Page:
Long-haul cost differences

By Bjorn Fehrm Subscription Required
Introduction
March 2, 2017, © Leeham Co.: The single-aisle, long-haul operations are on the increase. The new re-engined Airbus A320neo and Boeing 737 MAX generations are good for destinations of up to 3,000 nm, after taking into account reserves, winds and alternates planning. The Airbus A321LR is good for up to 3,500nm sectors. Last week, we showed the Bombardier CS300 is joining the crop of single-aisles capable of 3,000nm city pairs, the distance between London and New York. We also wrote the cost level of the single-aisle aircraft is competitive with the next step up dual-aisle, the Boeing 787 and Airbus A330neo. But how do the different cost areas pan out? Is fuel cheaper or more expensive for the dual-aisle? What about the single-aisle crew costs? For clarity, we engage our cost model.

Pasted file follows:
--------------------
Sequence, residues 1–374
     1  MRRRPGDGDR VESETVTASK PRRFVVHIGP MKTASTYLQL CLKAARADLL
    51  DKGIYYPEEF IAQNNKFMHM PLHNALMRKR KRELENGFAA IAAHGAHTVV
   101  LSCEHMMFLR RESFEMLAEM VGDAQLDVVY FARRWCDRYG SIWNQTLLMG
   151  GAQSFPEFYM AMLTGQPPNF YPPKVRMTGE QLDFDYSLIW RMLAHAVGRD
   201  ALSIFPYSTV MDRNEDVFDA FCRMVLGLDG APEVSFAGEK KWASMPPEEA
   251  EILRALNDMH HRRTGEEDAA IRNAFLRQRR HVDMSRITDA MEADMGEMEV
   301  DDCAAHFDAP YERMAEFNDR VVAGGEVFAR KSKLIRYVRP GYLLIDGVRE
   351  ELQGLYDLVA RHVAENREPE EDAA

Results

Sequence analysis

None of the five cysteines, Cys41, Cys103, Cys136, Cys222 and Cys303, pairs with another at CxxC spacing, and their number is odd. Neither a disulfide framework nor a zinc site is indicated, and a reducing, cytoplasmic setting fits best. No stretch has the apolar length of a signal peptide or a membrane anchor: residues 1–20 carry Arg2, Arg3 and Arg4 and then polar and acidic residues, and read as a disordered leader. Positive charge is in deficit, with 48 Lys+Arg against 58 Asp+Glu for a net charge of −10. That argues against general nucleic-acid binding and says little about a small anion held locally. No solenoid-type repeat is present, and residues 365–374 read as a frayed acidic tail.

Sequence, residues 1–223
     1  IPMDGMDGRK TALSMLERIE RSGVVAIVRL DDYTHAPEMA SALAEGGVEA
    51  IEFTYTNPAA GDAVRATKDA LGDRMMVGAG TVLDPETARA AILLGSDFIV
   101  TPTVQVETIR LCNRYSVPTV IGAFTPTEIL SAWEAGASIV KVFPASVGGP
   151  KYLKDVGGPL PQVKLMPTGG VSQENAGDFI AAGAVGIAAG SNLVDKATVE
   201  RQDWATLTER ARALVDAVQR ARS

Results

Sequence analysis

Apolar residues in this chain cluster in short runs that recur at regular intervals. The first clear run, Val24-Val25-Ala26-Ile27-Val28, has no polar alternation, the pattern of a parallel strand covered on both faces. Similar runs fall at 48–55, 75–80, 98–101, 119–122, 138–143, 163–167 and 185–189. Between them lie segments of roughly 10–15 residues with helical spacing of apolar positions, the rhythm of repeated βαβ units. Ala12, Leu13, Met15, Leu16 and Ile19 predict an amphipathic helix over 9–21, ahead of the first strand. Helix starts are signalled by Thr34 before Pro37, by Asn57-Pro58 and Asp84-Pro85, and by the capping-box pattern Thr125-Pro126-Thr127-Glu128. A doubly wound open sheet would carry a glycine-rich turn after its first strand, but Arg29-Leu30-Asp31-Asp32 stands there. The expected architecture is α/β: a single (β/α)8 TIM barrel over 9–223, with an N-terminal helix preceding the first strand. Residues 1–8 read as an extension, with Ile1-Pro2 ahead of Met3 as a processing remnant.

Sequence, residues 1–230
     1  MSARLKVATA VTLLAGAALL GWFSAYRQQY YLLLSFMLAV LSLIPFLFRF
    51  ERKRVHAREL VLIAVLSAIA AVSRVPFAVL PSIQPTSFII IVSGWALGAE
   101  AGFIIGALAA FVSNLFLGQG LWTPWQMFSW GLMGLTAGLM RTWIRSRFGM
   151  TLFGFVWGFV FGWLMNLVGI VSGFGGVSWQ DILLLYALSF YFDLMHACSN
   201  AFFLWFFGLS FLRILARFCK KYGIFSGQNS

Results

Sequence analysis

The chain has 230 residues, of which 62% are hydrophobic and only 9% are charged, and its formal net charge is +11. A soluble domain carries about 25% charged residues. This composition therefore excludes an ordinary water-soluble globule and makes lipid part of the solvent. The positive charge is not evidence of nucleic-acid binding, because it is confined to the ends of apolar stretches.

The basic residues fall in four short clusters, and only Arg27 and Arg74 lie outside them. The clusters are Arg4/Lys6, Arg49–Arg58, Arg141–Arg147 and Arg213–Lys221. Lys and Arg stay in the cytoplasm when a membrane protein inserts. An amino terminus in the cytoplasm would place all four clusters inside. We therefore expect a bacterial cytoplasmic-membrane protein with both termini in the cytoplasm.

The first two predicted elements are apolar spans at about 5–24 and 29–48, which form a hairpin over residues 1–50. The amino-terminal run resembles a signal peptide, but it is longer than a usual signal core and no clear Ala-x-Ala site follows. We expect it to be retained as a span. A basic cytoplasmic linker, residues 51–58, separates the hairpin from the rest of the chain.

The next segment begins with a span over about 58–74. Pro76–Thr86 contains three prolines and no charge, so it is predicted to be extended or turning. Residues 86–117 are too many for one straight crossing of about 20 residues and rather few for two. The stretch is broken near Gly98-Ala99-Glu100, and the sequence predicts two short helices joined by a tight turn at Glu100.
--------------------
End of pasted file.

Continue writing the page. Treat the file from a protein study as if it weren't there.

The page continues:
Summary
  • The total costs are similar per seat mile for single and dual aisle, but the parts are not.
  • The fuel costs per seat are surprisingly similar; the differences are to find in other places.

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